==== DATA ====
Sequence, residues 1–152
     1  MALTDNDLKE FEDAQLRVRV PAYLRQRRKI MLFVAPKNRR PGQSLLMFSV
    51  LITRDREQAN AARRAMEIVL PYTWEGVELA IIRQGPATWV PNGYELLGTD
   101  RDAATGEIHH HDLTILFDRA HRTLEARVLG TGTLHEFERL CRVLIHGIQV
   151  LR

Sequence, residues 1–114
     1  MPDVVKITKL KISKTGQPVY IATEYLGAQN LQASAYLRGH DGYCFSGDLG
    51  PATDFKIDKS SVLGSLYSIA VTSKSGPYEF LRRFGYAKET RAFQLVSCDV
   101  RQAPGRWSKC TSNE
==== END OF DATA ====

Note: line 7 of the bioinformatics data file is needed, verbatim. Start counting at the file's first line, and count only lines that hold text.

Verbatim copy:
     1  MPDVVKITKL KISKTGQPVY IATEYLGAQN LQASAYLRGH DGYCFSGDLG